Pictured: The gruesome scenes as Nazi SS special commanders line up Jews to be executed with guns and pushed into a ditch.
Within its 500 indescribable pages is the story of the Ukrainian Holocaust, told during Anatoli’s own childhood.
He calls it ‘a document in the form of a novel’, and wishes it were a piece of fiction. But, as he emphatically writes at the beginning, ‘this book contains nothing but the truth’.
He invites us to ‘enter my destiny’. Imagine you are 12 years old, the world is at war and no one knows what will happen next…’ We are drawn into the uncertainty and misunderstanding of day-to-day life as the bewildering nightmare of Nazi bestiality unfolds around you. around with his utter contempt. for human life, and civilization is suspended.
In kyiv, where he lives, life under the communist regime is bad enough, full of scarcity and repression. Then, in September 1941, the armies of the Third Reich arrive, defeating the Red Army and sending it packing.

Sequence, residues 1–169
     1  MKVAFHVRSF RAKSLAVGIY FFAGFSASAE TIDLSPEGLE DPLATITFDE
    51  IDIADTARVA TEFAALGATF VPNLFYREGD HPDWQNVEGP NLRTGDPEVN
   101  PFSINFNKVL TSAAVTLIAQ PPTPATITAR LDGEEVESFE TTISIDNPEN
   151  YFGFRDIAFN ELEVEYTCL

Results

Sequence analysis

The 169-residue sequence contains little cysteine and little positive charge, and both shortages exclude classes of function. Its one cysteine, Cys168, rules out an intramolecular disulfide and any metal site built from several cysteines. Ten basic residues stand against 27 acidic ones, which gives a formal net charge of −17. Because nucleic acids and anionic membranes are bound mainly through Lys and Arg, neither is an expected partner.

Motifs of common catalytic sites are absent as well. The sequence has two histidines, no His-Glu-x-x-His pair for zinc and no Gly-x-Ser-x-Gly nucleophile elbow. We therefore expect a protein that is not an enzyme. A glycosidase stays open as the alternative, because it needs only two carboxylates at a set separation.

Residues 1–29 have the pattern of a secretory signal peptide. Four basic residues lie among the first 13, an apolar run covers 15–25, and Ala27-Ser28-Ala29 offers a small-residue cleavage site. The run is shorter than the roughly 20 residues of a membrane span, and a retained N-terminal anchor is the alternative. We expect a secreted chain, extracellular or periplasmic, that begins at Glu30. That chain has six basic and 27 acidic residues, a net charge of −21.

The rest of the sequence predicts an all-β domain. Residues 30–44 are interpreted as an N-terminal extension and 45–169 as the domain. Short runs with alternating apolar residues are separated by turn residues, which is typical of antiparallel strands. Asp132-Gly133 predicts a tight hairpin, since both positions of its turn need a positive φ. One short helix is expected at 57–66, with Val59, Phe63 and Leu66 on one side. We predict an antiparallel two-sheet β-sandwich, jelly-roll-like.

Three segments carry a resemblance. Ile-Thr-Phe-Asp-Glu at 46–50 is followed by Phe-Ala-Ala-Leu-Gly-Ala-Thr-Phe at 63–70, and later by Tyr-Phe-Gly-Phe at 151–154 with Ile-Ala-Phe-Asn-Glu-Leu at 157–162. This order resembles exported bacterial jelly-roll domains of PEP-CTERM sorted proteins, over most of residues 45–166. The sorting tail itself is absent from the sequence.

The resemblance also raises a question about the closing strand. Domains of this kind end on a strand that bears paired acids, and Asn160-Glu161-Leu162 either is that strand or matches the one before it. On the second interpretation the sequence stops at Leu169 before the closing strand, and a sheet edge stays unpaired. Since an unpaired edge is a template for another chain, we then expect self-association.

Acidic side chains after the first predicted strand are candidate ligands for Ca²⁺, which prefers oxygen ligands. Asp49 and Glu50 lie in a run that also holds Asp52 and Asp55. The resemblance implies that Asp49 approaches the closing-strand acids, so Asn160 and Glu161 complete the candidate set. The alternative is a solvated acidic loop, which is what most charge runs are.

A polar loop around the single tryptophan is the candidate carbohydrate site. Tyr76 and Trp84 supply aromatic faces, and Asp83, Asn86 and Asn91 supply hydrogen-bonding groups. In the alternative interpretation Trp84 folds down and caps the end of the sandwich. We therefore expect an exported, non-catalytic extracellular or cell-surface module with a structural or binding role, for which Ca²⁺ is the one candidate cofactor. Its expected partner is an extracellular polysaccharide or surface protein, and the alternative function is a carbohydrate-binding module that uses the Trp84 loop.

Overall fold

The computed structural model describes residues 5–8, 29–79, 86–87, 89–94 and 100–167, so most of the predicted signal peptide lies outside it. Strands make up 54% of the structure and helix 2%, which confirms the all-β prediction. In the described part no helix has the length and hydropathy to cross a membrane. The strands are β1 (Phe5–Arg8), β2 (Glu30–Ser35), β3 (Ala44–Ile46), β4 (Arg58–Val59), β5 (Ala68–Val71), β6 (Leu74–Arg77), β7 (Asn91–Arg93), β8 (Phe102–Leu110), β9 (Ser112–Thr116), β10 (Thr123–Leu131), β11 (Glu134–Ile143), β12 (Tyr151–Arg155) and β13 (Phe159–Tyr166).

There are cheers in the streets, until the raids begin. A notice is taped to a billboard calling ‘all Yids’ to a meeting point. They must take with them money, valuables, warm clothes, etc.
Anatoli in 1969. In kyiv, where he lived, life under the communist regime was filled with scarcity and repression.
The assumption that Jews make, like Ukrainians like Anatoli, is that they will be escorted to the train station and deported to a new life somewhere, possibly even in Palestine, optimists suggest. But their destination is closer than they can imagine. On the edge of kyiv is a deep ravine turned quarry that cuts its way into the countryside: Babi Yar.
A ‘sea of heads’, Anatoli observes, marches in that direction, and then, on his way home, he hears the sound of machine gun fire that continues through the night and into the next day. Realization dawns.
A neighbor has glimpsed victims forced to strip, lined up one after the other to kill as many as possible at once, of bodies piled up, of some not yet dead crawling away only to be struck over the head. and thrown back into the pile.
A Jewish boy has run away and comes to Anatoli’s street, begging to be hidden. Anatoli wants to help but a neighbor sends for the Germans who take him away to die.
A woman named Dina Pronicheva actually escaped and years later wrote to the adult Anatoli to give the only surviving eyewitness testimony from Babi Yar.
Pictured: A menorah-shaped monument to the approximately 100,000 Jews massacred at Babi Yar